But in the end it was all about Crosby, who has looked right at home since being named assistant captain by new head coach Michel Therrien.

"It was something I talked about with Craig Patrick and Mario Lemieux and they also liked the idea," said Therrien, who picked up the victory in his first game back in Montreal since being replaced by Julien on Jan. 17, 2003. "We just know that he can not only handle the extra responsibility, but also grow from the experience.

"I don't think it has put any extra pressure on him and besides, if anything, he has raised his level of play since being named an assistant captain," assured Therrien, who has seen Crosby put up 14 points in eight games since he took over behind the bench. "He's a quiet kid but he's still a leader. Sidney is a player who leads by example and that's another form of leadership. You look at a former captain right here in Montreal like Bob Gainey who wasn't known for being vocal but was still a great leader."

Next up for the Canadiens is a date with the Devils in New Jersey on Thursday before welcoming the Senators in a matinee at the Bell Centre on Saturday.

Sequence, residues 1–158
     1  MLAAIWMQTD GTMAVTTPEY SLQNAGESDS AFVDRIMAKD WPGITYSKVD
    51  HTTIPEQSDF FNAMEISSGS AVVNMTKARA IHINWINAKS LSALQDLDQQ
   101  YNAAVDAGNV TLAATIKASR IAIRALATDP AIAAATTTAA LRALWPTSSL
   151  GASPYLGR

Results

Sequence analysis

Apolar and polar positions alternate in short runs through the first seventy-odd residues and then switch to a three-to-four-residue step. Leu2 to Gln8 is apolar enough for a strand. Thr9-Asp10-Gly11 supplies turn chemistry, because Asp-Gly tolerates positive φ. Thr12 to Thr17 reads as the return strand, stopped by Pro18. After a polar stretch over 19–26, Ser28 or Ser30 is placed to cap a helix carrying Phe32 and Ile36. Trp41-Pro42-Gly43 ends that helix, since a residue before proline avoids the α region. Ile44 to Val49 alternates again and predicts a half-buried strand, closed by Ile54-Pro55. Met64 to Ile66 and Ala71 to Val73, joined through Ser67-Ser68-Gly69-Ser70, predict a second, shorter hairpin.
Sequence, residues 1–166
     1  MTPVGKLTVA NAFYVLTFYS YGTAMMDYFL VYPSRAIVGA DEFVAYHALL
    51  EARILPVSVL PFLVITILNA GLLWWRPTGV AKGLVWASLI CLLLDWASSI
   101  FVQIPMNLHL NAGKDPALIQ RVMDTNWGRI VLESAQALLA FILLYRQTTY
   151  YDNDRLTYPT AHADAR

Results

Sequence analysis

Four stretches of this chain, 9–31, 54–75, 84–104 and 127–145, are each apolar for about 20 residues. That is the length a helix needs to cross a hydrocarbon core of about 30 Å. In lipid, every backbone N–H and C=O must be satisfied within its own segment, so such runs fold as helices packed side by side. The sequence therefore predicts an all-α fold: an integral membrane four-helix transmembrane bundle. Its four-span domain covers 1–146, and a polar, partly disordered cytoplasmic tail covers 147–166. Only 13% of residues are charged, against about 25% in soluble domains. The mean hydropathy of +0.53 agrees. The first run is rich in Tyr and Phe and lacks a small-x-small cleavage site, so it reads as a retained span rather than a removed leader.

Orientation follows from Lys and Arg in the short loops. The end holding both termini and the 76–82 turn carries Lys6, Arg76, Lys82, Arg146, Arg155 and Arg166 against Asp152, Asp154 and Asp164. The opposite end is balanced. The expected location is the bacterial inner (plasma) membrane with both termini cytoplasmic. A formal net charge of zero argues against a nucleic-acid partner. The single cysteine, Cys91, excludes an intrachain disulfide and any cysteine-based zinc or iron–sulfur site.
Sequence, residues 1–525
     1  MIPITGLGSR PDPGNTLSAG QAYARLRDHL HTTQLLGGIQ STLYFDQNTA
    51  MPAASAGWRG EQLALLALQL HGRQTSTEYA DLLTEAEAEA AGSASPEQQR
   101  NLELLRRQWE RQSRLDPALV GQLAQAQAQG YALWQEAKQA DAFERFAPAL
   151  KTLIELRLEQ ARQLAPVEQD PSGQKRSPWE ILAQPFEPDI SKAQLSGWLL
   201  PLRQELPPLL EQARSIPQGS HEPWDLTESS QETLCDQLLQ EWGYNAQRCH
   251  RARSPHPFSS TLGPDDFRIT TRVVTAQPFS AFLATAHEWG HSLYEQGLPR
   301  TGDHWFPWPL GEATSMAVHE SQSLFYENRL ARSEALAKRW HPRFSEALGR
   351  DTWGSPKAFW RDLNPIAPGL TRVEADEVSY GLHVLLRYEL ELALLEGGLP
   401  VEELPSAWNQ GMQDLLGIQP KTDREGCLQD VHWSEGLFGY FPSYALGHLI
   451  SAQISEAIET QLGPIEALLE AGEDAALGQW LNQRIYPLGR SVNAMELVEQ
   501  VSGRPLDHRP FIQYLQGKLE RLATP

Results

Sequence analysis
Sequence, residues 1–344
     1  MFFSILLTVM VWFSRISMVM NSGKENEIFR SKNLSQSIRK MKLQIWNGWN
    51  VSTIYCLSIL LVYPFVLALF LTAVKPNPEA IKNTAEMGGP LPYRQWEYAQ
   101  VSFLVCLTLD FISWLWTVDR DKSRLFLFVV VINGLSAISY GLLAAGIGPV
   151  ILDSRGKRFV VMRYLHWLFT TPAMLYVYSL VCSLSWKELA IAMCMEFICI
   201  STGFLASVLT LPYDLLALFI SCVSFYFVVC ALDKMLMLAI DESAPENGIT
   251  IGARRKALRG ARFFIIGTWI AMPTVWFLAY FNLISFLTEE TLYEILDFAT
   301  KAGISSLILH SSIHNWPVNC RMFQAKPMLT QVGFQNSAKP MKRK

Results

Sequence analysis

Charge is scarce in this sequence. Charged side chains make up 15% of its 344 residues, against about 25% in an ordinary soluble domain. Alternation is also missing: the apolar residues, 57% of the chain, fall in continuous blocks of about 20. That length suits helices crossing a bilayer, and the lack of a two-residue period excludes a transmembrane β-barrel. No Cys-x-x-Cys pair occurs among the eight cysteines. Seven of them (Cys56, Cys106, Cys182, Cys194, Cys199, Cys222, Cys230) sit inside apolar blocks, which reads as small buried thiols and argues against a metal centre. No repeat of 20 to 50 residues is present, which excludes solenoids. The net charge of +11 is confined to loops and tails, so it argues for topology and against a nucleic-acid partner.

NOTES: Tuesday night's matchup with the Penguins drew a capacity crowd of 21,273, marking the Canadiens' 19th consecutive sellout of the season and 42nd straight overall packed house dating back to 2003-04...  D Andrei Markov was awarded the Molson Cup for the month of December just before game time... The Canadiens were without Tomas Plekanec (knee) who missed his seventh straight game as well as D Mark Streit, LW Pierre Dagenais and Mike Ribeiro who were healthy scratches... C Radek Bonk picked up an assist in his return to the lineup after missing 11 games with a groin tear... The win was the Penguins first at the Bell Centre since the 1998-99 season... Mario Lemieux missed his seventh straight game with a heart problem...

Manny Almela is a writer for